Picture Piece: Video Game Photography

Video Game Photography


Justin Berry, Stone Shields, 2012, ink on archival Baryta paper, 38 x 31 cm. Courtesy: the artist

Justin Berry, Stone Shields, 2012, ink on archival Baryta paper, 38 x 31 cm. Courtesy: the artist

Ansel Adams’s 1968 photograph El Capitan, Winter, Sunrise, Yosemite National Park, California has been celebrated for its epic evocation of the American landscape: the blunt head of a 900-metres-high granite monolith rearing over the wooded valley floor. It was also a technical innovation: Adams shot the image on Polaroid’s Type 55, a large-format film he’d personally badgered the firm’s founder, Edwin H. Land, to devise for him. It could produce both high-resolution black and white images and negatives but it also created its own aesthetic artifact, the ‘Polaroid frame look’. As the development gel was squeezed between the negative and positive prints, it pooled in the margins of the frame, producing a distinctive mesh-like grid around the image that has since been Photoshopped onto a million digital images, culminating in the Instagram effects of contemporary mobile photography.

Justin Berry’s Stone Shields (2012), depicting a high mountain valley scattered with brush and patches of snow, recalls El Capitan … in every way. It doesn’t carry any obvious signs of digital manipulation, but it bears out Adams’s famous remark: ‘You don’t take a photograph, you make it.’ Stone Shields is a composite of screenshots, created within the virtual world of the first-person-shooter video game Medal of Honor: its landscape is entirely digital. It is a composite of composites, as every pixel has been rendered from millions of lines of code and pre-existing textures created by the game’s designers, captured within the experience of the game itself (one notorious for its violence and militarism), and ultimately manipulated by Berry. In its artifice, it reveals all the artifice of image-making itself.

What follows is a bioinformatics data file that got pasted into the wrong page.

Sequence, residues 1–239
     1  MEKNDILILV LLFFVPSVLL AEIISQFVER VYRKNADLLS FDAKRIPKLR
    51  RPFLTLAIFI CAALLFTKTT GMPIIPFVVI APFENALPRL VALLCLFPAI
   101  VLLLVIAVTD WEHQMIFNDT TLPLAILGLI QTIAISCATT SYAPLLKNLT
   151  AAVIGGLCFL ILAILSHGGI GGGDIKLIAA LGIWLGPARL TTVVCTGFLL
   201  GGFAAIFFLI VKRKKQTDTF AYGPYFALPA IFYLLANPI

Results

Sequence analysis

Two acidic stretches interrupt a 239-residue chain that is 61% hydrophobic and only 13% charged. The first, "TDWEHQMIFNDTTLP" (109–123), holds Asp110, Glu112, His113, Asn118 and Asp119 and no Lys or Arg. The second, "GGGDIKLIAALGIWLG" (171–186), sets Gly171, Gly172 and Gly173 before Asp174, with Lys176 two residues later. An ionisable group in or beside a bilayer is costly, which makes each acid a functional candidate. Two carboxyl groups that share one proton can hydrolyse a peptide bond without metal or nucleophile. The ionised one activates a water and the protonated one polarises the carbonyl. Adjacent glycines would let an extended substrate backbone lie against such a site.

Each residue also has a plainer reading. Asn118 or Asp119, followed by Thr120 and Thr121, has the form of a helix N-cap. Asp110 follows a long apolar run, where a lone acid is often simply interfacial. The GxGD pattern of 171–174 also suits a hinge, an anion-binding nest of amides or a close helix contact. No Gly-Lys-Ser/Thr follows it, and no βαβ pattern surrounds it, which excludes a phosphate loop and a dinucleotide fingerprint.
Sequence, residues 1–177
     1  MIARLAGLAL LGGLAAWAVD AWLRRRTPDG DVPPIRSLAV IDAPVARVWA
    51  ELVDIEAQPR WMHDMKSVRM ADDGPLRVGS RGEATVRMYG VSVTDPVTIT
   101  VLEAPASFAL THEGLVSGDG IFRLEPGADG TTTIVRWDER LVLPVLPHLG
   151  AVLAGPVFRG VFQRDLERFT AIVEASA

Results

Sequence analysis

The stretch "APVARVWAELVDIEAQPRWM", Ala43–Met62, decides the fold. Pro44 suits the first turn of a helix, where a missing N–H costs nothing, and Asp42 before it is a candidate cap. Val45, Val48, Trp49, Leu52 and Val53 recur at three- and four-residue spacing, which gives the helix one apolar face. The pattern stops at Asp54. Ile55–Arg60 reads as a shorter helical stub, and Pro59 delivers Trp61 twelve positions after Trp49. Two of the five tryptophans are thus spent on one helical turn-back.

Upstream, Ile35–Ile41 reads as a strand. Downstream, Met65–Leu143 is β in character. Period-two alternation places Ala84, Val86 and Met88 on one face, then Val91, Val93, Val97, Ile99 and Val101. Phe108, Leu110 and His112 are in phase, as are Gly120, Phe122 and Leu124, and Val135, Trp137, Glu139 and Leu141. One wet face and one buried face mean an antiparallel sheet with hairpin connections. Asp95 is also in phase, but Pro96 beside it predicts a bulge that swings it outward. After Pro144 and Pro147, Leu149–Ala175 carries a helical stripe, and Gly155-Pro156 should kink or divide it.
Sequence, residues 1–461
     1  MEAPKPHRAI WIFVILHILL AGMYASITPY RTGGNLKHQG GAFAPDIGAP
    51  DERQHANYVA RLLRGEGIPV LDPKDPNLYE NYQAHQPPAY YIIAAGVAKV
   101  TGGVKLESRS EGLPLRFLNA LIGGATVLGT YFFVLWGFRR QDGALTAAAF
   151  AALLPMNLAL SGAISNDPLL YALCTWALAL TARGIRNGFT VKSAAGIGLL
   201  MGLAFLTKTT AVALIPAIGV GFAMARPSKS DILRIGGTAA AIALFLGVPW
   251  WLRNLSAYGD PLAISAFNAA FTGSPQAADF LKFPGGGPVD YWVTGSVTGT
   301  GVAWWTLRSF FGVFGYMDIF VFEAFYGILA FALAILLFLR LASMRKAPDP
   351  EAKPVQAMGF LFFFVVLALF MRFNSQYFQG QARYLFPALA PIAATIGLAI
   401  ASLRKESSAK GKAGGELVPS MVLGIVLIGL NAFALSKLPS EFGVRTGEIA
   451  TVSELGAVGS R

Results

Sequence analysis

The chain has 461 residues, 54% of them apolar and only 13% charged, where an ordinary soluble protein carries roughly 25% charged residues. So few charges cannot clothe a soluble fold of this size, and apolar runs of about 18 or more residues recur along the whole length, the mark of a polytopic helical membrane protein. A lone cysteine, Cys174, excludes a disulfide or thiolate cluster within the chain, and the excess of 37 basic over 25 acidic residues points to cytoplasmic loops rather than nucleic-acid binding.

New technologies rarely produce radical novelty ex nihilo; rather, they reveal the latent processes that called them into being. Theorists may tie themselves in knots to justify or deny the place of the constructed virtual image within the canon of photography but, as Adams knew (and we can see), photography itself is a construct, and all images contain the mechanics of their own making.

James Bridle is a British writer and artist living in Athens, Greece. His forthcoming projects include an installation at the Oslo Architecture Triennale, Norway, a solo exhibition at Galleri Image, Aarhus, Denmark, and a digital commission for Serpentine Galleries, London, UK. His work can be found at booktwo.org.

Issue 173

First published in Issue 173

September 2015

Most Read

Remembering the pioneering composer, visionary thinker, multimedia artist and techno-utopian, who died in May
Jennifer Piejko's guide to the best current shows in LA
Ei Arakawa work stolen from Skulptur Projekte Münster; Richard Mosse arrested; three men charged over counterfeit...
Joyce Pensato, Landscape Mickey, 2017. Courtesy: Lisson Gallery, London
Lisson Gallery, London, UK
Coinciding with Refugee Week, and her film Hear Her Singing screening at the Southbank Centre, the artist shares some...
Gilda Williams visits the first edition of the ARoS Triennial in Aarhus, Denmark
The Haitian Revolution as a lesson in corporate leadership and meeting the 'prophet of the Anthropocene': what to read...
Creative Time launches series of protest flags; photographer Khadija Saye reported as a victim of London's Grenfell...
A recent retrospective at the Museo Ettore Fico in Turin establishes the overlooked importance of a ‘total artist’
The third edition of the London performance festival makes the case for collective action in an age of political...
A past winner of the Frieze Writer’s Prize, Zoe Pilger on the books and experiences that have influenced her as a writer
A guide to the best projects included in Skulptur Projekte Münster 2017
For the first in a series of our editors’ initial impressions from documenta 14 Kassel, Pablo Larios on the Neue...
Art sees itself as facing a crisis of legitimation – can this account for claims to 'authenticity' being made in shows...

An interview with the late artist on the unique classification system he devised to organize his books
The independent curator on 25 years in the arts

Latest Magazines

frieze magazine

April 2017

frieze magazine

May 2017

frieze magazine

June – August 2017